MR. WHITMAN: Andrew, does that get to the part of the specificity that you were requesting? 
 
            Q     I think that, you know, -- (inaudible) -- there's been a recent spate. We're asking if any additional measures have been taken as a result of the most recent -- if they've reviewed procedures and whether any additional measures in addition to the procedures they already have are being taken. 
 
            MR. WHITMAN: I don't know if you heard that, general. Just -- it was kind of a second follow up to the same thing. 
 
            With the most recent incident, are there any new procedures that you've initiated as a result of these latest incidents? 
 
            GEN. VOTEL: No, there's no particularly new procedures that we are using right now. We think the procedures that we have in place are good. They work; they help us minimize the effects on this. I think it's important to understand that in a number -- in the majority, really, the large majority -- now, I won't say every instance, but in a large majority of these incidents where we -- we would, unfortunately, do have a civilian injury or death or we caused some damage, in most cases these are caused principally by insurgents who are initiating activities in the direct proximity of villages or where civilians are located. And of course, that puts a -- that makes it very, very difficult for our forces who are operating out there because they do have a responsibility to respond; they have a responsibility to protect themselves and their forces. 
 
            And so that tactic that the insurgents use unfortunately in some cases exposes civilians to this. And in that case, we have to rely on training; we have to rely on experience of our leaders out there to make the right decisions on the scene as these actions are being executed. And while it's never acceptable and we want to minimize to the absolute any damage or injuries or death caused to civilians, it does unfortunately occur. And while there have been instances of that happening here, I will tell you that there are dozens and dozens and perhaps hundreds of other operations that occur across Regional Command East that are successfully executed in and around civilian populations with no negative collateral effects on the people.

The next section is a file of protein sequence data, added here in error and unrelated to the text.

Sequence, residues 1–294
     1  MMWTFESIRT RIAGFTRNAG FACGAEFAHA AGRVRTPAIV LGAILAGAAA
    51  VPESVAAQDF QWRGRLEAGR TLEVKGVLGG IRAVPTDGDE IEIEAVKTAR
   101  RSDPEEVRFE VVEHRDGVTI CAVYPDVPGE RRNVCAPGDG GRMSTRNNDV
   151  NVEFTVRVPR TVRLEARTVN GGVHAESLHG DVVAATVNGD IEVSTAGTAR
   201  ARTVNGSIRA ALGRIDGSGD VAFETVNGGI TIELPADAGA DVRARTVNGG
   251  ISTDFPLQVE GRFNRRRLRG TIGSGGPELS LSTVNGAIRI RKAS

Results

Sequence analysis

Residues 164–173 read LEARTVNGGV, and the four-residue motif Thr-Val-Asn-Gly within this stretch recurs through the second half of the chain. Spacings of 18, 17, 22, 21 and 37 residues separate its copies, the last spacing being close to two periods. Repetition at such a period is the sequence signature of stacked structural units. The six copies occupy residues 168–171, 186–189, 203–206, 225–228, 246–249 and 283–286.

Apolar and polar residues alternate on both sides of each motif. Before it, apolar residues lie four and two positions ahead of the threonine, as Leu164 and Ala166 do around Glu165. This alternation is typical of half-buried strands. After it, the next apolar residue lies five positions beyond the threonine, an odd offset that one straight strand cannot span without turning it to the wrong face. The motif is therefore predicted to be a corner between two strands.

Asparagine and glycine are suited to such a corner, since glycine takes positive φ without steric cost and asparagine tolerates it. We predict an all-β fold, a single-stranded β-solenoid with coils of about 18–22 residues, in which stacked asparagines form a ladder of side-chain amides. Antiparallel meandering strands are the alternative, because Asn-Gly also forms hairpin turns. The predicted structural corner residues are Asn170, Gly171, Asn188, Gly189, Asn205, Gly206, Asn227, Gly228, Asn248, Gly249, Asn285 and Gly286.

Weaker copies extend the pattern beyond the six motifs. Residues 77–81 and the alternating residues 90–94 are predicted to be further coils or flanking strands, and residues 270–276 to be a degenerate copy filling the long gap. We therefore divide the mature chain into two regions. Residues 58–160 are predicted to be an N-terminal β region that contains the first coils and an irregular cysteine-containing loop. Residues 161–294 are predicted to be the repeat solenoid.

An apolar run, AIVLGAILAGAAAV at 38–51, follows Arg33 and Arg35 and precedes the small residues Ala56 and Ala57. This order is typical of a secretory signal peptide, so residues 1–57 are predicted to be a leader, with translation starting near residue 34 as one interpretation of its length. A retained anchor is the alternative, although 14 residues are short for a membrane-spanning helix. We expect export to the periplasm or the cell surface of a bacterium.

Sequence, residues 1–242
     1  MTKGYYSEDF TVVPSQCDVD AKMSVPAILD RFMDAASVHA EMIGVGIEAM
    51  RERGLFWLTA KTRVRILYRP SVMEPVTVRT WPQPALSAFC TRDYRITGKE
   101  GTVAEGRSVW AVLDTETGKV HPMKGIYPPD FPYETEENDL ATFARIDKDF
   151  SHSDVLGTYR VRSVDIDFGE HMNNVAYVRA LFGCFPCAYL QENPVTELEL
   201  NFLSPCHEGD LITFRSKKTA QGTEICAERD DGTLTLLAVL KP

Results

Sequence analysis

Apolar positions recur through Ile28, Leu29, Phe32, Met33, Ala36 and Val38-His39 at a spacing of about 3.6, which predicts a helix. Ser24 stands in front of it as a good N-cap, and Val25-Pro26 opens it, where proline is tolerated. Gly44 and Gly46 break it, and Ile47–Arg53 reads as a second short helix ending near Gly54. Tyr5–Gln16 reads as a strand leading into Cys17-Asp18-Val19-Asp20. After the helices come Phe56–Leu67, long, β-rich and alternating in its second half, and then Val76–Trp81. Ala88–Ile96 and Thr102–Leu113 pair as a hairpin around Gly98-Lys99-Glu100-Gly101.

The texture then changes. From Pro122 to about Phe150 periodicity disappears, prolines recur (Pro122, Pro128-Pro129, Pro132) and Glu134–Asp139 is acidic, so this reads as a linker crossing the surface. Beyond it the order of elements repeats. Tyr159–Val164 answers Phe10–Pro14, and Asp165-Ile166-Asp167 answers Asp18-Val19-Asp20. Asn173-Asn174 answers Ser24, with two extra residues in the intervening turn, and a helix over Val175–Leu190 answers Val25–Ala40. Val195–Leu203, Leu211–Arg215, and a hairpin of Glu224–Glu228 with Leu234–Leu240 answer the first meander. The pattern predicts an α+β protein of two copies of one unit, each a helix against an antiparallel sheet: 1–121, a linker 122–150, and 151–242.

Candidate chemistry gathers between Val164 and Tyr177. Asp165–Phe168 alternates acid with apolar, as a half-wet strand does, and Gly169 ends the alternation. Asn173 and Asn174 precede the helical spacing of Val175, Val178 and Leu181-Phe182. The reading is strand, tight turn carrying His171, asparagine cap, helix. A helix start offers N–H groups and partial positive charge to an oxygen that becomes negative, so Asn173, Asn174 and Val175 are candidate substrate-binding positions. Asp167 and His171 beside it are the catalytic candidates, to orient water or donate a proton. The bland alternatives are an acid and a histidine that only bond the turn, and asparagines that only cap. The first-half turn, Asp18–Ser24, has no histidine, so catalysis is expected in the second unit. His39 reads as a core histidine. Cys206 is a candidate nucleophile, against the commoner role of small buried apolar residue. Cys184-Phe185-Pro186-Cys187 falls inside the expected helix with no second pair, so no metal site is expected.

MR. WHITMAN: Very good, thank you.   
 
            Barbara.   
 
            Q     General Votel, Barbara Starr from CNN.   
 
            To follow up on some of that, can you bring us up to date on last Saturday's strike that you -- ISAF now says resulted in a hotel or building inside Pakistan being struck and nine Pakistanis being killed, civilians, as a result of action by the 82nd Airborne. Very specifically, sir, what can you tell us about this strike? Did you mean to strike inside Pakistan? Did the insurgents go to this location and you struck and you didn't realize you were striking inside Pakistan?   
 
            And I would also like to ask what you can tell us about the criminal investigation now opened into an alleged detainee abuse incident in your region as well.    
 
            GEN. VOTEL: Okay, thanks. I think you asked a couple questions there, one about the strike down in the vicinity of Bermel, Afghanistan, along the Afghan-Pak border, and then about some allegations of abuse.   
 
            So let me start with the Pakistan situation. What -- first of all, that incident is under investigation, as all of these incidents are. Whenever we have an operation or an activity that occurs in the close proximity of the border, we always go back and do a thorough examination to look at what our actions were and ensure that they were appropriate and to determine what we can learn from that.   
 
            So it's a constantly evolving learning process here to make sure that we are doing things right and we're adjusting to the insurgents and their activities.   
 
            In this particular case -- and again, I'll just remind you that this is under investigation right now to determine all the facts -- but in this particular case, we had an insurgent element, fairly sizable, came across the border, displayed imminent threat to a U.S. or an ISAF fire base. And the commander on the ground, really through the use of some of the surveillance tools that we have given to him, was able to identify that early and took the appropriate action in that particular case to protect himself and in accordance with the rules of engagement that allow us to take these type of actions. 
 
            As this action was under way, the insurgents broke contact, as they often do, and began to move back in the direction of the Pak border. We were able to continue to observe them and continued to bring fires onto their locations. And as you're aware, that did extend into Pakistan. 
 
            With regards to the any Pakistan casualties on there, we certainly extend our deepest regret for any casualties that were caused among Pakistan civilians on that side. That is under investigation right now to determine the extent and exactly what occurred there. 
 
            But let me just say this is a fairly common tactic, again, that the insurgents use of trying to expose gaps between the Pakistan military and the Afghan security forces and ISAF forces that operate on the Afghan side. And so we have a practice of very careful coordination and communication with the Pakistan military. I would assess our relationship with them to be excellent. We meet regularly at all levels to discuss procedures and activities along the border.   
 
            We -- over the last several months, we have taken some very significant steps to improve our communications. In areas where there was no communication between battalions on both sides of the border area there now is communication, and we are much better now than we were in January. 
 
            Unfortunately, these type of incidents still do occur because the insurgents continue to operate in that area.   
 
            So this is under -- this -- any of the activities that took place on the Pakistan side are under investigation.